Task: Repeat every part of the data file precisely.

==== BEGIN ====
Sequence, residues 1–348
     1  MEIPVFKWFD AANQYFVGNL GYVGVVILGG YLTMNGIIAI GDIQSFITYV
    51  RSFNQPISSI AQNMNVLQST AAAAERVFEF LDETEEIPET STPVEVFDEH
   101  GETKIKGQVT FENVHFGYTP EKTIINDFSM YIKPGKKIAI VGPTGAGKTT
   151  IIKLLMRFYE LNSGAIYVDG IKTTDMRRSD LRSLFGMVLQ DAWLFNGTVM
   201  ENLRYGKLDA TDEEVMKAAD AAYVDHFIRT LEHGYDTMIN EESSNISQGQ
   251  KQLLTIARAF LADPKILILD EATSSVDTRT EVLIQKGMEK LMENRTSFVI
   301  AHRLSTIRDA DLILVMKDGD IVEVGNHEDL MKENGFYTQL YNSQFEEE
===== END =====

Sequence, residues 1–348
     1  MEIPVFKWFD AANQYFVGNL GYVGVVILGG YLTMNGIIAI GDIQSFITYV
    51  RSFNQPISSI AQNMNVLQST AAAAERVFEF LDETEEIPET STPVEVFDEH
   101  GETKIKGQVT FENVHFGYTP EKTIINDFSM YIKPGKKIAI VGPTGAGKTT
   151  IIKLLMRFYE LNSGAIYVDG IKTTDMRRSD LRSLFGMVLQ DAWLFNGTVM
   201  ENLRYGKLDA TDEEVMKAAD AAYVDHFIRT LEHGYDTMIN EESSNISQGQ
   251  KQLLTIARAF LADPKILILD EATSSVDTRT EVLIQKGMEK LMENRTSFVI
   301  AHRLSTIRDA DLILVMKDGD IVEVGNHEDL MKENGFYTQL YNSQFEEE